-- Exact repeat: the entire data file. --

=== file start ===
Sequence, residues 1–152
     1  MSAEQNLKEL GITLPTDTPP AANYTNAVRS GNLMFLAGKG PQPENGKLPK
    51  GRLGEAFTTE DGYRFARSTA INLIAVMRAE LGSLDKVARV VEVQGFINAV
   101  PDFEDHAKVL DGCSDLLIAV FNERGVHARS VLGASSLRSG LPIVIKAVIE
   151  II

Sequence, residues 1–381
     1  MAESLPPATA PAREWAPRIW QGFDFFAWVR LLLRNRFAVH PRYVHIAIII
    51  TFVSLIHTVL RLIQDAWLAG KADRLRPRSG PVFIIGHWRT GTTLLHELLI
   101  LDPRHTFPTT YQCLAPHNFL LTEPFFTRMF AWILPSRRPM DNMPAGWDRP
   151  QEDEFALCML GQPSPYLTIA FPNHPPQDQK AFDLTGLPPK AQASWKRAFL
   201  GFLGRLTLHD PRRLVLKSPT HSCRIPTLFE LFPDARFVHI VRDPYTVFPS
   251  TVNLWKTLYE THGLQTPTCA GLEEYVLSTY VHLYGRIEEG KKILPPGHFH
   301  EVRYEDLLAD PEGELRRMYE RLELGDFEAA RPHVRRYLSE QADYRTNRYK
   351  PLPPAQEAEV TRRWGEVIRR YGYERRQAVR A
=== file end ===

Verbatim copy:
Sequence, residues 1–152
     1  MSAEQNLKEL GITLPTDTPP AANYTNAVRS GNLMFLAGKG PQPENGKLPK
    51  GRLGEAFTTE DGYRFARSTA INLIAVMRAE LGSLDKVARV VEVQGFINAV
   101  PDFEDHAKVL DGCSDLLIAV FNERGVHARS VLGASSLRSG LPIVIKAVIE
   151  II

Sequence, residues 1–381
     1  MAESLPPATA PAREWAPRIW QGFDFFAWVR LLLRNRFAVH PRYVHIAIII
    51  TFVSLIHTVL RLIQDAWLAG KADRLRPRSG PVFIIGHWRT GTTLLHELLI
   101  LDPRHTFPTT YQCLAPHNFL LTEPFFTRMF AWILPSRRPM DNMPAGWDRP
   151  QEDEFALCML GQPSPYLTIA FPNHPPQDQK AFDLTGLPPK AQASWKRAFL
   201  GFLGRLTLHD PRRLVLKSPT HSCRIPTLFE LFPDARFVHI VRDPYTVFPS
   251  TVNLWKTLYE THGLQTPTCA GLEEYVLSTY VHLYGRIEEG KKILPPGHFH
   301  EVRYEDLLAD PEGELRRMYE RLELGDFEAA RPHVRRYLSE QADYRTNRYK
   351  PLPPAQEAEV TRRWGEVIRR YGYERRQAVR A